Last Updated on April 13, 2017 by Marie Bautista
I first enrolled my daughter in pre-school when she was just three and a half years old. I was so excited! And she was, too! She always did things early. She started walking when she was ten months old. She had an extensive vocabulary and was talking really well before she turned two. She warms up to other children easily…
I bought her new black school shoes, a new bag, her first-ever school uniform. She breezed through school happily, too.
I had a friend who had a son my daughter’s age. The same scene. The mom (my friend) was so excited, she bought new stuff. But instead of hopping happily into the classroom like my daughter, her little boy clung to her leg and screamed until she finally brought her little boy home. He just wasn’t ready for school yet.
|Learning through the Dalcroze method|
- Children must believe and be re-assured that someone is always there to look out, care and watch over them. They thrive on love, your attention, loving hugs and encouragement. Children who feel and are loved are more loving, confident children.
- Lead and your child will follow. Children are great imitators and would mirror practically everything you say or do. If you treat people graciously and respect them, your child probably will, too. If you share things, your child will love sharing, too. If you always scream, curse and do offensive things, your child probably would imitate you, too.
- We have grown up practically hating school. Seriously. But parents, don’t lead on that you do (shh, it is our secret). Children love to learn, discover things, go around and explore. Encourage this. Allow them to crawl in the mud, write on walls. Don’t restrict them for fear that they will hurt themselves or catch germs or something. Praise them! Talk about school and how fun it will be. Describe how school is and how much he will learn new things and meet new people.
- Practice makes perfect. We have been learning ever since we were born through practice. Before we walked, we practiced by crawling. Everything was learned through practice and repetition. Encouraging a child to try and try and practice will build his confidence and he will always thirst to do something new.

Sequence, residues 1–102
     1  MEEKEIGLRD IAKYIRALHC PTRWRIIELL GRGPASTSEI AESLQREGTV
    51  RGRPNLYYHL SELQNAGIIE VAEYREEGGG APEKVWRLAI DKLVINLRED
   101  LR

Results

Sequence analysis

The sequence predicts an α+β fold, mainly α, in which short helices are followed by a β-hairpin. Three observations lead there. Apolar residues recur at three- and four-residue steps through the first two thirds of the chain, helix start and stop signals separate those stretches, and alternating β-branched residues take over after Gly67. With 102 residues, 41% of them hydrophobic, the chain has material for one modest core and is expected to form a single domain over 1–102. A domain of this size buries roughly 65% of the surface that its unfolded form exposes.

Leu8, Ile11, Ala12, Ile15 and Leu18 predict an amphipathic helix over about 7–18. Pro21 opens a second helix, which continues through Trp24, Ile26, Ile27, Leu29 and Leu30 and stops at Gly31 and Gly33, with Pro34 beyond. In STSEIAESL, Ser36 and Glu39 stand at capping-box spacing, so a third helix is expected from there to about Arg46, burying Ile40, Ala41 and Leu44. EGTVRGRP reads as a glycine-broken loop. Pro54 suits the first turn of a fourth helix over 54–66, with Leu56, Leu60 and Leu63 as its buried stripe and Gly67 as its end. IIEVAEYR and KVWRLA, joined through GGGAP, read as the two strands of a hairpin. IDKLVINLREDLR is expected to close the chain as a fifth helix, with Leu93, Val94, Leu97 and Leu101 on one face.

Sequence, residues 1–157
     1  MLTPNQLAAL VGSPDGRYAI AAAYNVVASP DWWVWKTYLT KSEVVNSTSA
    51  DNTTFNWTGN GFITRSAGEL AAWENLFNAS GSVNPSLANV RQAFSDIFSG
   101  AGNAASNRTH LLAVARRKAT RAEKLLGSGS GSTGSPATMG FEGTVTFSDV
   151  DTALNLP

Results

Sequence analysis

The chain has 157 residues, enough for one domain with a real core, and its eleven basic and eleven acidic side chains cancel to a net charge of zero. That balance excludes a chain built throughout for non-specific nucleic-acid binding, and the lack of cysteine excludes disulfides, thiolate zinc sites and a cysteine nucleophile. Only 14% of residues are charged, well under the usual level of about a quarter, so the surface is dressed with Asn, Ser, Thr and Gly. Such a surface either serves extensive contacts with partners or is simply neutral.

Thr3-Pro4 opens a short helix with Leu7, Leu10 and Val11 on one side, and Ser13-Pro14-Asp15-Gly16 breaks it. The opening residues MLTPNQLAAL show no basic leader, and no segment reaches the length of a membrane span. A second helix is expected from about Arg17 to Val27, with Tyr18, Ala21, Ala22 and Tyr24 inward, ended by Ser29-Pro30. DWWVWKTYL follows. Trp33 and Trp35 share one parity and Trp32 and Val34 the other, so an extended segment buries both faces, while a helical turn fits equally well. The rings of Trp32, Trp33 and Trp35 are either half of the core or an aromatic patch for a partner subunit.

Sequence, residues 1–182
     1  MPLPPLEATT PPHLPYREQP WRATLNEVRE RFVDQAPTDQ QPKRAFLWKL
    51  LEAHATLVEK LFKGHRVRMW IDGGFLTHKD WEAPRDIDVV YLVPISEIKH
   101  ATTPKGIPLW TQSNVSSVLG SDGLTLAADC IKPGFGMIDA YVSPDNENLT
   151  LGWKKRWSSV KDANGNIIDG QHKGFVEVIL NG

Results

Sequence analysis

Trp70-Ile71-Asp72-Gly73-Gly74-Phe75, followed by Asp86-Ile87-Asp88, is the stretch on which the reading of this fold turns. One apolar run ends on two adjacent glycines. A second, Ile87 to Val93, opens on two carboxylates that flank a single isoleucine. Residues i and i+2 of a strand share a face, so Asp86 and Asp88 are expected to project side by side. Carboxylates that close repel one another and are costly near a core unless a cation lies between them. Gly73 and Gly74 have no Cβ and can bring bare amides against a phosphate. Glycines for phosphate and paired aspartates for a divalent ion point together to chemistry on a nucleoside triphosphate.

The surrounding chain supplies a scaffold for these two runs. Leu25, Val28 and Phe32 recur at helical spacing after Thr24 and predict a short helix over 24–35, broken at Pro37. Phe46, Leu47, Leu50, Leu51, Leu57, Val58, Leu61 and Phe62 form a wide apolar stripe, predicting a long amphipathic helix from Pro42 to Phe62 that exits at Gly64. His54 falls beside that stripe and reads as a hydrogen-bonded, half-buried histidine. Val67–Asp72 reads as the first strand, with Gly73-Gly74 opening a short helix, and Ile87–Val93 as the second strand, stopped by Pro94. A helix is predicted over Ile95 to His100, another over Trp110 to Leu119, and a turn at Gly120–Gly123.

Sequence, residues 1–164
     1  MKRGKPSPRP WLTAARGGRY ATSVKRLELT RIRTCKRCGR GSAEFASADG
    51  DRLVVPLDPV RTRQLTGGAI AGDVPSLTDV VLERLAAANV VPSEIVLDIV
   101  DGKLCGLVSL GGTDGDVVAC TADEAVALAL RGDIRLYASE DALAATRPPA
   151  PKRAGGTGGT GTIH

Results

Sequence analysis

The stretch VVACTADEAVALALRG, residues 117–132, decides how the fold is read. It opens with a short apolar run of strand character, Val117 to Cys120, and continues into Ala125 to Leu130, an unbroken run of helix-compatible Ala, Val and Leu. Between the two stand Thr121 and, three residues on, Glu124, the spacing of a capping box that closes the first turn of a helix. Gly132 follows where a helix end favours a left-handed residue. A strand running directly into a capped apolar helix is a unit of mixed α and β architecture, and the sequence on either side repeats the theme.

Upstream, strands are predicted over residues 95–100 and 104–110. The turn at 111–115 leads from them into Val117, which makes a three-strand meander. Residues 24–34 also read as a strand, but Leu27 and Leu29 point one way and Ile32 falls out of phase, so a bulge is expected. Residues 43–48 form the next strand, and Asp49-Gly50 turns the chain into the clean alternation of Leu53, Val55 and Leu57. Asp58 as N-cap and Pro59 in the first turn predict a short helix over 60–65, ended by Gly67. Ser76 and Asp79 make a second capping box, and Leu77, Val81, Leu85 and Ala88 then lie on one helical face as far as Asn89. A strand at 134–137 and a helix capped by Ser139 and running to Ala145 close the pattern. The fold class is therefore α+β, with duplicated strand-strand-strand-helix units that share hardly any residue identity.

- Set limits. Children need firm but loving discipline.
- Prepare your children’s activities. Be sure they are enjoying them, though. Do not try to make too many restrictions or dominate them.
- Don’t vent your anger on your child.
- Give reasons on why you are angry to your child. My boy used to say “Mama, you don’t love me?” whenever I scold him for a misbehavior. My answer is “I love you. So much. But it is not okay for you to exceed the time I gave you to play on your XBox.”
- Let your children work out problems for themselves. Let them choose, instead of making decisions for them.
- Let your child be independent and develop their self-confidence by allowing them to do things like dressing themselves (even if their clothes’ colors would clash) children try tasks by themselves.
Van Cruz-Gabaza says
this is a very interesting post, sis. i have a one year old son and my OB said that it's better if we enroll him as early as possible since he doesn't have playmates at home. we haven't enrolled him yet but we occasionally bring him to play areas so he could play with other kids and learn to interact with them. your post really touched my heart, my dear. thanks. 🙂
Nice parenting posts sis! Us, your readers really learn something from you. Thanks!
Kristine Gavilano says
I learned a lot Marie! Those photos of your kid in class are very adorable too.
maxine musings says
these are great list to gauge if a child is ready; my kids went to school early and i never had encountered problems with them
Marco Polo Demo says
Well defined article about kids getting ready for school. Your source was right there are no standards on determining whether the kids are ready for school or not but there are signs that can be observed from the kids. The best and always will be is kids learn things with parents first.